Pierre Cattenoz

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PhD project: Analysis of the expression and structure of Alu transcripts in human brain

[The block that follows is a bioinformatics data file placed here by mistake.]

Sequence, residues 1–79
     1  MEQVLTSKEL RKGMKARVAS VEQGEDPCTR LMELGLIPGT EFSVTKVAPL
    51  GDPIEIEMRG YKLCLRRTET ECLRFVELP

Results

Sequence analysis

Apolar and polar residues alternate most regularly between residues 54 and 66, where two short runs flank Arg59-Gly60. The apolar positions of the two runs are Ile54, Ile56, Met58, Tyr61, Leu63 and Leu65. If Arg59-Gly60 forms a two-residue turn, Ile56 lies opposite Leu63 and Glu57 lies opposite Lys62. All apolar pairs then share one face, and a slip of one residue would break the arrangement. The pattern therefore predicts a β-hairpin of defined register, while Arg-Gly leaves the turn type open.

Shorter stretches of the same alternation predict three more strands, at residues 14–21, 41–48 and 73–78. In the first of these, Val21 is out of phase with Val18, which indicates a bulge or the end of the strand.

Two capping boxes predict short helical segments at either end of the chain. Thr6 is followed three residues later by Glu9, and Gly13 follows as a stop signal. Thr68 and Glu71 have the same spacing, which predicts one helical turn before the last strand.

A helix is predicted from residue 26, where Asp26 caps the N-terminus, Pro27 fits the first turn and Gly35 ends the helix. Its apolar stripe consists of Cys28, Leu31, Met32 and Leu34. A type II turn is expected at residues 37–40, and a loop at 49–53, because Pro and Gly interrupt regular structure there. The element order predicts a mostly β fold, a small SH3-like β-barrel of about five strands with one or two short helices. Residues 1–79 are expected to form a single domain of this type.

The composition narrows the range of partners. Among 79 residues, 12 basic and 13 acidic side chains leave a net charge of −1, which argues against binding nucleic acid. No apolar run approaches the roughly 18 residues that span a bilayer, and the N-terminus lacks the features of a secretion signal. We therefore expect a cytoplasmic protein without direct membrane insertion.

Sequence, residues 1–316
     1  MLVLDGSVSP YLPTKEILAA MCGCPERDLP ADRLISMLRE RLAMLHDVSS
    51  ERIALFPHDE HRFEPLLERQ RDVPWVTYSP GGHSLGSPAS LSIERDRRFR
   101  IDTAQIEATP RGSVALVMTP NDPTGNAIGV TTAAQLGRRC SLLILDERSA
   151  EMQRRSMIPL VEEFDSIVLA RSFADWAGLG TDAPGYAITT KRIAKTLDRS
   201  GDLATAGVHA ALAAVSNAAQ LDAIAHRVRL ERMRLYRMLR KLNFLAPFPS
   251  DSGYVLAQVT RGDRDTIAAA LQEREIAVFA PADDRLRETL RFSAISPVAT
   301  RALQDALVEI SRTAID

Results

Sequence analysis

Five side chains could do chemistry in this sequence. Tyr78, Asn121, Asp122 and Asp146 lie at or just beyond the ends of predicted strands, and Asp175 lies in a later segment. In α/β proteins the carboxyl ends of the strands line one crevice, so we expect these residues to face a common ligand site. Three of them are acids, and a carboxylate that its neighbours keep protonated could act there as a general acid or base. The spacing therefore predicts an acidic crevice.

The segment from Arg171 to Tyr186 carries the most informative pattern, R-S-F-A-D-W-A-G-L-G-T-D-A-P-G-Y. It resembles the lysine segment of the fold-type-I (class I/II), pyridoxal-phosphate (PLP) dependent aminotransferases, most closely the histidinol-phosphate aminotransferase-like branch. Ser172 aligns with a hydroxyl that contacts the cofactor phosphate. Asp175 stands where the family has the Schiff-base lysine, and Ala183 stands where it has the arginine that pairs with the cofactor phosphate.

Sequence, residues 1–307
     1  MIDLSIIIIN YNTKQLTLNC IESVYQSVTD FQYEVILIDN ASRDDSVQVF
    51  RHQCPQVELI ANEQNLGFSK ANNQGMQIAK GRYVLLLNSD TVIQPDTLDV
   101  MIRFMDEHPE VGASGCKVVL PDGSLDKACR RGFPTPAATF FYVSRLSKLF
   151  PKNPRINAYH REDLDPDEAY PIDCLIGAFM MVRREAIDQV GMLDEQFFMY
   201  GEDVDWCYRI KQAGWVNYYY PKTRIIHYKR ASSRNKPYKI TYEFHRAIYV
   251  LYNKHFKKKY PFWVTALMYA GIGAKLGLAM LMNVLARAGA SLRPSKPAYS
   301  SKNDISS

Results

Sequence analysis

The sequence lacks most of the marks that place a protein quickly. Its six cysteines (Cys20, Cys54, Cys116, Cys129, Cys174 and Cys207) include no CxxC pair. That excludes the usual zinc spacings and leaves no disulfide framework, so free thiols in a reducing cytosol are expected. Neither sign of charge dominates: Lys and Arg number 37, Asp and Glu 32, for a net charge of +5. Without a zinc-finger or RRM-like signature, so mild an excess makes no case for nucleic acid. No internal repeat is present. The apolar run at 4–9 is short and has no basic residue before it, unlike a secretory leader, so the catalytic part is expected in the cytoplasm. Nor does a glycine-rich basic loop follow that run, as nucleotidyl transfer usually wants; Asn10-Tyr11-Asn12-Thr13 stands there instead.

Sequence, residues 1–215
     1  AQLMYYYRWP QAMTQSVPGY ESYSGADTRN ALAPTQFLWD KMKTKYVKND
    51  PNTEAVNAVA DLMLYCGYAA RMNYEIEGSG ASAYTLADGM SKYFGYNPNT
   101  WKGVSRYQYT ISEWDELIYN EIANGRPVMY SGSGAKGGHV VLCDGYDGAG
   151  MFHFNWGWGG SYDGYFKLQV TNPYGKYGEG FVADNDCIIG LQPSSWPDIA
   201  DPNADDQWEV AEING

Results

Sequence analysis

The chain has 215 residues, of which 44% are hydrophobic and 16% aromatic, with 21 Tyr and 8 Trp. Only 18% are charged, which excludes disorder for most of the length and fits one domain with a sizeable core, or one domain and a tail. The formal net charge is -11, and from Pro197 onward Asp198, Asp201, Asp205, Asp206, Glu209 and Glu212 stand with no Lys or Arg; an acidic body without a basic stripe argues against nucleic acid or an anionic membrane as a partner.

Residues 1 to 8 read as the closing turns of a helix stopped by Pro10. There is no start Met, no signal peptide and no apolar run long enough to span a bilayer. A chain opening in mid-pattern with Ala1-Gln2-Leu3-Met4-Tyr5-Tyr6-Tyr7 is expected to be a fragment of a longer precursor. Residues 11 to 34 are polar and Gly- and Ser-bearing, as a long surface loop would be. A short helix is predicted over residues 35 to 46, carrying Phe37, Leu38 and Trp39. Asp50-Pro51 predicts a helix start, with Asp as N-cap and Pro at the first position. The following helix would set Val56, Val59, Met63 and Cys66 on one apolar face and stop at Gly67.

Summary: Alu elements are a subclass of primate-specific SINEs (short interspersed nuclear elements, about 300bp in length) spread around the genome by retrotransposition. They represent major sites of exonization and A-I RNA editing, which occurs mainly in brain and is 100 times greater in humans than in mice. This suggests that Alu sequences may have acquired important regulatory functions in the interplay between the environment and the epigenome, especially in brain development and function, and the evolution of higher order cognition, and been subjected to positive selection on this basis. Recent data suggests that a large number of Alu sequences are expressed in human brain and detectable as small RNAs. Moreover, Alu elements have accumulated mutations that make them different from each other. These differences may allow one Alu repeat to have distinct function from others Alu repeats and from an experimentally point of view, provide the means to distinguish between transcripts of different Alu genes. The research project is intended to explore and characterize the expression, structure and function of Alu-derived small RNAs in humans. It has 2 major components: the characterization of Alu transcription in brain and the structural analysis of these transcripts. This project is carried out as a co-tutelle arrangement between Pr. Eric Westhof at the University Louis Pasteur of Strasbourg (France) and Pr. John Mattick.

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